There is really not sufficient information here.
This could be caused by a whole bunch of things.
One thing you might try doing for starters is to boot to safe mode and shut down from there. If the problem persists, it eliminates any hardware source for your problem.
Then I would suggest that you take the following steps in the following order:
1. As others have suggested, get Piriform's CCleaner and run it. You do not necessarily have to clean the registry at this time.
2. Scan your entire system with your fully up-to-date antivirus.
3. If you do not already have it installed, get Spybot Search and Destroy, run its update program (yes, even after you've just installed it from current distribution), and then run it to scan your system for spyware, removing whatever it fines.
4. Remove all unused or garbage software from your machine in the usual way via "Uninstall a program." Before you remove them, note the folder in which the executable resides (this is not always intuitive). Then remove any of those folders that remain in your "Programs" directory.
5. Run CCleaner again, including its registry cleaner, which will remove all the remnants of the applications you just removed.
6. Obtain a good third-party disk defragmenter and run it. Others have suggested Auslogic or Piriform; I have not used them but by all accounts they are good products. I paid for Raxco's PerfectDisk and I KNOW it's a good product. First run the disk defragmenter. If it has a system area defragmenter (which requires a reboot), run it next, then run the disk defragmenter again.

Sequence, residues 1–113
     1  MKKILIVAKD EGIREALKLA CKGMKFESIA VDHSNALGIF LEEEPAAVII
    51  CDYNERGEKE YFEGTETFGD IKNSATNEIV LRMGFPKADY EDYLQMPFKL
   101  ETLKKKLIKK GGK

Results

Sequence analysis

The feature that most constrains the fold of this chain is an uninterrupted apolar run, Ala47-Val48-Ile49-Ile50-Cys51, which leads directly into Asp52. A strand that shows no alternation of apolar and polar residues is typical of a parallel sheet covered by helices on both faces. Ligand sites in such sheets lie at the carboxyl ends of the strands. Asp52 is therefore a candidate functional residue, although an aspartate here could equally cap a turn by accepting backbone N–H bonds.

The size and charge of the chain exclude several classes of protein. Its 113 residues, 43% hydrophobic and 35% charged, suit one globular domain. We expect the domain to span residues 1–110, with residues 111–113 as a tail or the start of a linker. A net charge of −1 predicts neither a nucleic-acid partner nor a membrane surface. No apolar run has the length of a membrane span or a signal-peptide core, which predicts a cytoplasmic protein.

7. Shutdown and reboot. Shutdown again to see if the problem persists.
If it does, well, I would run a system file check. To do this, open as administrator a command prompt window and type "sfc /scannow". Have your Windows distribution disk ready (this is not necessary if your O/S was correctly installed and configured, which on laptops they usually are).
If the problem does persist, then things get complex. It would be a good idea at this point to reflash your BiOS with the current version. This is MUCH easier and safer than it used to be -- it's just like installing software now. You just need to identify the correct update at your motherboard manufacturer's website.
If that doesn't work, get a good piece of driver scanner software and make sure all your device drivers are up to date, and update those as needed. The WinZip guys make a decent software for that, but it isn't freeware.
Now, if the problem still persists, things get REAL complicated. First check your msconfig and see what starts up. There are a lot of what we in the Unix world used to call "daemons," applications that constantly listen in the background for input. Some of these are safe to kill, some aren't. Someone else mentioned realsched and qttask -- these are certainly not necessary but seldom would cause this problem. But when you see questionable ones you can look them up online and see if they're safe to kill.
You can look in your task manager while your system is up and running to see all the applications and services that are running. Identifying the culprit(s) from the hundreds of items on these lists is truly a daunting task, though. Hopefully your problem will be solved before resorting to this.
It should not be necessary to edit your registry. It used to work right, right?
Hope this helps.